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Stability Considerations

A square waveform generator?

Y = (x1y)x2
Y = x1x2 +yx2
Fig. 9.9
Example of an
unstable circuit
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Stability Considerations

Note that column 11 has no stable states.


This mean that with inputs x1x2 fixed at 11,
the value of Y and y are never the same.

5 ns

1
10 ns

5 ns

10 ns

Frequency = 1 / 20ns = 50 MHz


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9-3 Circuits with Latches

Asynchronous sequential circuits

were known and used before synchronous design


the use of SR latches in asynchronous circuits
produces a more orderly pattern
reduce the circuit complexity

Digital Circuits

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SR Latch - Two Cross-Coupled NOR Gates

Fig. 9.10
SR latch with NOR gates

Digital Circuits

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SR Latch

Y = ((S+y)'+R)' = (S+y)R' = SR'+R'y


the state transition table
an unpredictable result when SR: 11 00
SR = 0 in operation
SR' + SR = S(R'+R) = S
Y = S + R'y when SR = 0

two cross-coupled NAND gate

S'R' = 0
Y = (S(Ry)')' = S'+ Ry when S'R' = 0
S'R' latch

Digital Circuits

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SR Latch - Two Cross-Coupled NAND Gates

Fig. 9.11
SR latch with NAND gates

Digital Circuits

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Analysis Example:

Fig. 9.12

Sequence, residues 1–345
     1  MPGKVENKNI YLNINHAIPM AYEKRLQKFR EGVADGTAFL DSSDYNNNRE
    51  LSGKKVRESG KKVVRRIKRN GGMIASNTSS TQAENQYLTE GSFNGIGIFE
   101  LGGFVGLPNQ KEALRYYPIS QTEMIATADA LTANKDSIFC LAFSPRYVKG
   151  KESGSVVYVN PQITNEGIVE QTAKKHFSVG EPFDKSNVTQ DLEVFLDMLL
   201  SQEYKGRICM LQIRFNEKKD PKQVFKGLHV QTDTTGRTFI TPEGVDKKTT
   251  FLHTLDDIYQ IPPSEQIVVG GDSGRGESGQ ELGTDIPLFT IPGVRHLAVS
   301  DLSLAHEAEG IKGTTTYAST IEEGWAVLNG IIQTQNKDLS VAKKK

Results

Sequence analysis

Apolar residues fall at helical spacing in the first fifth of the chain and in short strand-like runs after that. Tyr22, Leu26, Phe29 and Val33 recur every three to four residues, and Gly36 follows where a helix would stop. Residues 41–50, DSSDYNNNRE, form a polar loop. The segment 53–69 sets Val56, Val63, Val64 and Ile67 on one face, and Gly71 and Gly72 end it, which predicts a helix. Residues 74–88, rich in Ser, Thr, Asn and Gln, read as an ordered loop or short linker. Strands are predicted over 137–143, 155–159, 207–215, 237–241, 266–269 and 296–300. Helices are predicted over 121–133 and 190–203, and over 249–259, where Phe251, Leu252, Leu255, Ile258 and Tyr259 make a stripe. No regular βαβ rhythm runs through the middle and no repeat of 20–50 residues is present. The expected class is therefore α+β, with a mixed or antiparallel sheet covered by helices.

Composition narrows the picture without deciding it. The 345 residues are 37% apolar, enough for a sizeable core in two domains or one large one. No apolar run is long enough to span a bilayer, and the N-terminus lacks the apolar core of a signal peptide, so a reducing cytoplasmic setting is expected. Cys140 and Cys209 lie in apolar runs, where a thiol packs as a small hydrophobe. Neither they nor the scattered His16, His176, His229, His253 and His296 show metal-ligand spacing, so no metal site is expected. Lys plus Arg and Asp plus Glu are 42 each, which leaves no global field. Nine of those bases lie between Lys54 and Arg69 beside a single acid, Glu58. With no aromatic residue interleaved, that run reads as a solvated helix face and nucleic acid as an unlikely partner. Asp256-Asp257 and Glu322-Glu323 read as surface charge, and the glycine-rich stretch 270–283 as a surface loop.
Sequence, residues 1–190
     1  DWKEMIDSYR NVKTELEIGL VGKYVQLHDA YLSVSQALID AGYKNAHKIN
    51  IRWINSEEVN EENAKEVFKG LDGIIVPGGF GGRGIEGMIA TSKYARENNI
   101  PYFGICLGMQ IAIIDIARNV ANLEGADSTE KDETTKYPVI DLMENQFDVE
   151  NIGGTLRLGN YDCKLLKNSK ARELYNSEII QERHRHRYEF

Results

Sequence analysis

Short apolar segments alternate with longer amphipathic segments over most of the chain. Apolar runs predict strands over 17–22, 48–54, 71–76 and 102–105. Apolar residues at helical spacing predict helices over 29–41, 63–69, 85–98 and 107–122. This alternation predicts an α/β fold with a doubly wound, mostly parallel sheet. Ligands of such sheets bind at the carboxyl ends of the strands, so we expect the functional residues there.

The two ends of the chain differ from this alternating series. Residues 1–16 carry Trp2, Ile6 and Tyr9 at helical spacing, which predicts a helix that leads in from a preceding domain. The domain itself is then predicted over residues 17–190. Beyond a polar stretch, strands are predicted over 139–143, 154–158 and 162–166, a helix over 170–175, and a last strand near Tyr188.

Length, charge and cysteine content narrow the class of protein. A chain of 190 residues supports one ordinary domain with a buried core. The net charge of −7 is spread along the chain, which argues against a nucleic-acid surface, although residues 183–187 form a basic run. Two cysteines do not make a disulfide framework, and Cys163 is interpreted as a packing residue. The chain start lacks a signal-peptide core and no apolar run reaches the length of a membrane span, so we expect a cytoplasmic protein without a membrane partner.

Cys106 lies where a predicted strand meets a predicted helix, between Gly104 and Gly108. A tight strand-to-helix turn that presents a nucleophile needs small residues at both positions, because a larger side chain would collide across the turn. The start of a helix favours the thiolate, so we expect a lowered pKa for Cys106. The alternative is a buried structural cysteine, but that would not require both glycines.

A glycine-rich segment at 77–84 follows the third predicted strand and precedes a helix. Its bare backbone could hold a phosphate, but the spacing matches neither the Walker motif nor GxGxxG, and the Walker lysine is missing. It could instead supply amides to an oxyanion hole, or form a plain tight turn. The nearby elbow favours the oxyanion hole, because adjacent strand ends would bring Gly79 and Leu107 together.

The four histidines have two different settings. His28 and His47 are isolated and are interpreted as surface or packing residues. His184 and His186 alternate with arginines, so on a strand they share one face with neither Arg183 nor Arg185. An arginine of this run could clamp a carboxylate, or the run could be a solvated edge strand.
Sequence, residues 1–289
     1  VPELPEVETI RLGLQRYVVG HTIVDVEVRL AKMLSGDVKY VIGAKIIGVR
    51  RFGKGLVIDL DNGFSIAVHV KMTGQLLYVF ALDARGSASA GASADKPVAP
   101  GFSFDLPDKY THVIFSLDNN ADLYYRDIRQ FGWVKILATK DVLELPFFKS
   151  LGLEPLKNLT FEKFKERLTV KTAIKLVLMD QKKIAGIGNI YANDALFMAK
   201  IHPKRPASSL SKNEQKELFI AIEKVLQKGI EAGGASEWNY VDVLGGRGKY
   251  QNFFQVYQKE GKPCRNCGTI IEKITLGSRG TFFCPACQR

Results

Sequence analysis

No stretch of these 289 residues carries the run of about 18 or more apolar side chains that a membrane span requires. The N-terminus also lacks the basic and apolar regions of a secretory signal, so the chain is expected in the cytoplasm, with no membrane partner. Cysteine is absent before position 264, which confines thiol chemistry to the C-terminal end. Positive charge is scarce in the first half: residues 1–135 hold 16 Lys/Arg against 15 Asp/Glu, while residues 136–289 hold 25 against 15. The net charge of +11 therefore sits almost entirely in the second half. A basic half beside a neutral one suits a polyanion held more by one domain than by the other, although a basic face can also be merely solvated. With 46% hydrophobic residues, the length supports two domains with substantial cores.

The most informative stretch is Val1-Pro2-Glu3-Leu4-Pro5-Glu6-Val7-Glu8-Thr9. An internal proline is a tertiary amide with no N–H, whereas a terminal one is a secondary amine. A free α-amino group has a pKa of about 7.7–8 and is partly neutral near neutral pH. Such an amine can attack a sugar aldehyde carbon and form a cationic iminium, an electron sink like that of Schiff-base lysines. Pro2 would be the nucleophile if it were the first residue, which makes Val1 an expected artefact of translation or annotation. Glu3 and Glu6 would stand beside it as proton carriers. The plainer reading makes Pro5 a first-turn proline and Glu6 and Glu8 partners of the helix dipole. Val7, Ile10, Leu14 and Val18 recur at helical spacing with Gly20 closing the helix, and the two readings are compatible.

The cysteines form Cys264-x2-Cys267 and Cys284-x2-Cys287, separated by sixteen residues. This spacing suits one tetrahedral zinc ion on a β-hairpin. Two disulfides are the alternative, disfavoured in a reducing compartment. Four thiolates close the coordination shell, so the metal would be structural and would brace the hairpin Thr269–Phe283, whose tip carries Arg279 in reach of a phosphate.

Examples of
a circuit with
SR latch

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Analysis Example (Continued):

Label each latch output with Yi and its external


feedback path with yi
Derive the Boolean functions for the Si and Ri

S1 = x1y2
R1 = x'1x'2
S2 = x1x2
R2 = x'2y1

Check whether SR=0 for each NOR latch or


whether S'R'=0 for each NAND latch

S1R1 = x1y2x'1x'2 = 0
S2R2 = x1x2x'2y1 = 0

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Analysis Example (Continued):

Evaluate Y = S +R'y for each NOR latch


or Y = S' + Ry for each NAND latch

Y1 = x1y2 + (x1+x2)y1 = x1y2+x1y1+x2y1


Y2 = x1x2 + (x2+y'1)y2 = x1x2+x2y2+y'1y2

Construct the state transition table


Circle all stable states
Race example:

Let initial state is


y1y2x1x2=1101
input x2 is changed to 0
if Y1 change to 0 before Y2
then y1y2x1x2=0100
instead of 0000
Fig. 9.13
Transition table for the circuit of Fig. 9.12

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Analysis Procedure

Digital Circuits

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Latch Excitation Table


For SR latch:

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Implementation Example
Fig. 9.14
Derivation of a
latch circuit
from a
transition table

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Implementation Example

Determine the Boolean functions for the S


and R inputs of each latch
Given a transition table

From maps: the simplified Boolean functions are


NOR latch
NAND latch

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General Procedure for Implementing a


Circuit with SR Latches

Derive a pair of maps for Si and Ri


Derive the simplified Boolean functions for
each Si and Ri
DO NOT make Si and Ri equal to 1 in the
same minterm square
Draw the logic diagram

for NAND latches, use the complemented values


of those Si and Ri

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Debounce Circuit

Remove the series of pulses that result form


a contact bounce and produce a single
smooth transition of the binary signal

Fig. 9.15
Debounce circuit

TTL: input = logic-1 when open


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9-4 Design Procedure

Design specifications

a gated latch
two inputs, G (gate) and D (data)
one output, Q
G = 1: Q follows D
G = 0 : Q remains unchanged

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Design Procedure

All the total states

combinations of the inputs and internal states

simultaneous transitions of two input variables are